Norway has long been on Justin’s and my “must visit” list. But, our recent trip to spend a weekend in Oslo, Norway’s capital city, was actually kind of a fluke. We were on Skyscanner looking for the best way to get from Bangkok to Berlin, and, weirdly enough, making a stopover in Oslo was the least expensive option (oh, darn). So we bought our tickets, bundled up, and headed north!
In all honesty, we weren’t sure what to expect from Oslo (other than high prices). When people are waxing eloquent about Norway’s many beautiful and exciting sights, Oslo doesn’t usually come up in the conversation.
But guess what? Oslo totally belongs in the conversation. Oslo is awesome!
Oslo has fantastic green spaces, beautiful architecture, friendly locals and amazingly diverse neighborhoods (in this post, we’ll give you the inside scoop on some walks that that will take you off of the tourist track and help you discover the real Oslo). And in Autumn, after the summer visitors have left, it’s about as calm and unhurried a place as I have ever seen any big city…ever.
Yes, Oslo (in fact, all of Norway) is expensive, but after spending 72 hours in this city, we were very happy we’d come…and we think you’ll feel the same!
So. How can you make the most out of a weekend in Oslo (without breaking the bank)? It’s as simple as En, To, Tre!
En (One): Hit the Oslo Highlights
For such a small city, Olso has a huge number of noteworthy sights. Whenever possible, Justin and I like to walk a city, but when we have such a short amount of time in a place, other options need to be explored. So we decided to take a ride through the city with a quirky local tour company: Viking Biking.
Now in it’s fourth year, Viking Biking’s bike tours, co-founded by Curtis Rojak (pictured below with one of our fellow riders), have become a favorite way for visitors to get a 3 hour “crash course” in Oslo’s major sites, its history, and its culture.
Throw in your guide’s expert tips on other things to do (and places to eat and drink) throughout the city after the tour and you’ve got yourself one heck of a deal for approx. $40 USD (20% discount with the Oslo Pass)–heck, that’s less than the cost of a meal with drinks in many of Oslo’s restaurants!
Here are some of our favorite stops on the tour:
In addition to being the home of some of Oslo’s oldest buildings, this square in the old city center is also the fabled spot where, following the fire of 1624, Danish-Norwegian king Christian IV (I.E. the giant bronze finger pointing to the ground) decided the new town would be built.
Akershus Festning (which also houses Norway’s Resistance Museum)
As Americans (I.E. people used to important government stuff being swathed in crazy security, set back behind fences, etc.) of the most striking things about this medieval fortress (and the modern buildings which now share its grounds) is that it’s still used for military purposes…and yet it’s still completely open to the public.
Our guide told us that he regularly spots key government officials walking the grassy space and interacting with laypeople who’ve just come to enjoy the grass and sunshine.
On its harbor side, Oslo’s city hall isn’t much to look at. But go around to the back and then inside and the view improves immensely. Oslo’s City Hall not only boasts some lovely art (and a giant clock), it’s also the place where the Nobel Peace Prize ceremony takes place!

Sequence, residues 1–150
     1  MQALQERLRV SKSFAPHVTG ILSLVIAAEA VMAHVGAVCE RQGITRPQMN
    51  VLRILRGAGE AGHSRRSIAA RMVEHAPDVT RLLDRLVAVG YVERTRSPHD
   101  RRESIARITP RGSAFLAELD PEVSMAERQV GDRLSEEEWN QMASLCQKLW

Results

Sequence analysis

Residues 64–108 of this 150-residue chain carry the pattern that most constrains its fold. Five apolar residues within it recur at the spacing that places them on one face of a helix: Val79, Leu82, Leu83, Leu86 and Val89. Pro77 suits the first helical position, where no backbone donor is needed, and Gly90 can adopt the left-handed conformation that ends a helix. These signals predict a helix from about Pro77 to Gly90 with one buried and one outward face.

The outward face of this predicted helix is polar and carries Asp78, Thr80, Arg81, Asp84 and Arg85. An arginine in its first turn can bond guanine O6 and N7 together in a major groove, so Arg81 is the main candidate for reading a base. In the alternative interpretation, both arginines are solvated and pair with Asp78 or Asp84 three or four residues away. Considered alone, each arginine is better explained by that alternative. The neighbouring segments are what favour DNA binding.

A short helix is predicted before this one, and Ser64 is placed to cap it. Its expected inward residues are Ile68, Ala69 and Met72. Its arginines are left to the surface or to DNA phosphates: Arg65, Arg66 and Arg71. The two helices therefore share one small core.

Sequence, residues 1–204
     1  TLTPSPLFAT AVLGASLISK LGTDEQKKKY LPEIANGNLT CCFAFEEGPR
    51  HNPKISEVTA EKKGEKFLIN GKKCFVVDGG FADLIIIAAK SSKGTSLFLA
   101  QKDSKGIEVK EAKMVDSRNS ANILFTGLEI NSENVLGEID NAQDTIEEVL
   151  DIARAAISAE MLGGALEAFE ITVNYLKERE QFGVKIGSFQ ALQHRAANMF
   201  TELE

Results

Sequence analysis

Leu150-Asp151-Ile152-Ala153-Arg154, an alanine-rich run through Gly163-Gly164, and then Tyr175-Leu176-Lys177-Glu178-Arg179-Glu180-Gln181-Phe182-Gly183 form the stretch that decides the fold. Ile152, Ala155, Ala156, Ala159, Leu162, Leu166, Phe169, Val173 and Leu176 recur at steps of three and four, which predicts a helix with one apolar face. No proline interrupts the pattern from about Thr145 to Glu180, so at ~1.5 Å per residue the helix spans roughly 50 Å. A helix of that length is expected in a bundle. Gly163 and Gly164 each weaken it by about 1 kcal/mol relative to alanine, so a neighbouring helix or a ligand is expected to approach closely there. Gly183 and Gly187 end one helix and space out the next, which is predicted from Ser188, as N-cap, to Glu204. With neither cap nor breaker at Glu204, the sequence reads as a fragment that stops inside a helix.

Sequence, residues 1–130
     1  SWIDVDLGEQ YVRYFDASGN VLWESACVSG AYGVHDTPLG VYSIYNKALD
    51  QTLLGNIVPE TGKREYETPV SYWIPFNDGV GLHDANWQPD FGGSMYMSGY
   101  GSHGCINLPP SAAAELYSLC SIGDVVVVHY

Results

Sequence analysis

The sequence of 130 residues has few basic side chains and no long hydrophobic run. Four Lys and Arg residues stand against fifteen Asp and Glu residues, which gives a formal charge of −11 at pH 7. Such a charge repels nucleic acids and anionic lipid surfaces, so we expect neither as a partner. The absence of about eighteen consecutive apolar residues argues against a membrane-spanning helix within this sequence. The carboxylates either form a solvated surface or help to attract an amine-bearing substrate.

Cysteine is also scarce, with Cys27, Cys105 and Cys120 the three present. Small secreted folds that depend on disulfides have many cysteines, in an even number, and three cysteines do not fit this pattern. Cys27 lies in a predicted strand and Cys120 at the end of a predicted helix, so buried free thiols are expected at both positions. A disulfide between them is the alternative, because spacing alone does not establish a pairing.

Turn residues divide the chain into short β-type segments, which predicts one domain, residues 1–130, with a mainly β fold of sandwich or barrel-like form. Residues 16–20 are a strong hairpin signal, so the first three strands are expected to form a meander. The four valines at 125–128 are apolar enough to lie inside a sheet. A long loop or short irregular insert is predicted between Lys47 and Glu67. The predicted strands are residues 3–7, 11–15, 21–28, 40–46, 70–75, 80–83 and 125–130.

The National Theatre
So the English nerd in me went a little nutty when I saw the statue in front of Oslo’s National Theatre: it was Henrik Ibsen! (Playwright. Proto-feminist. Generally thought to be right up there with Shakespeare.) Turns out, Oslo was Ibsen’s home in his retirement and theatre was built during Ibsen’s time in Oslo. Today Ibsen quotes are inscribed on major city streets throughout Oslo, and the theatre continues to make his works a central part of the theatrical season (including, but not limited to the International Ibsen Festival held in Oslo each Autumn).
The Royal Palace
Oslo’s Royal Palace and its grounds (which is still home to the monarchy today) is another site which you would think would have epic security…but instead is ridiculously free and open to the public.
The Palace was built for the Norwegian residence of King Charles III of Sweden (back when Norway was under Swedish control). Fun fact about King Charles: he wasn’t actually Swedish! Nope. He was French (born Jean-Baptiste Bernadotte). And before he became a Swedish royal he was also Napoleon’s former field marshall, and was married to the emperor’s sister-in-law’s sister. How and why he came to leave France and be adopted by Swedish royalty in 1810 is a story in and of itself. Take the tour and you’ll hear all the crazy details!
Biking up the hill to the palace was kind of rough (read: I almost died…most of the other tour participants were just fine, however) but the view down the main street of Karl Johans Gate was pretty awesome!
Vigeland Sculpture Park
This was one of our last big stops and my absolute favorite. If I had more time in Oslo you’d better believe I’d spend an entire day just hanging out here.
Gustav Vigeland (who, in addition to sculpture also designed the Nobel Peace Prize medal) spent over twenty years crafting the 212 bronze and granite sculptures visitors can now see in the park.
The works themselves are beautiful…but kind of dark and twisty.
And occasionally a tad phallic (come on, I know it’s not just me!)
Overall, Justin and I gave our tour two thumbs up.
With the exception of the Palace’s hill of death (j/k) the ride wasn’t too strenuous–the most stressful part was actually weaving through pedestrians down by the harbor–and we learned a lot about Oslo!
To (2): Fjords, Museums and Opera!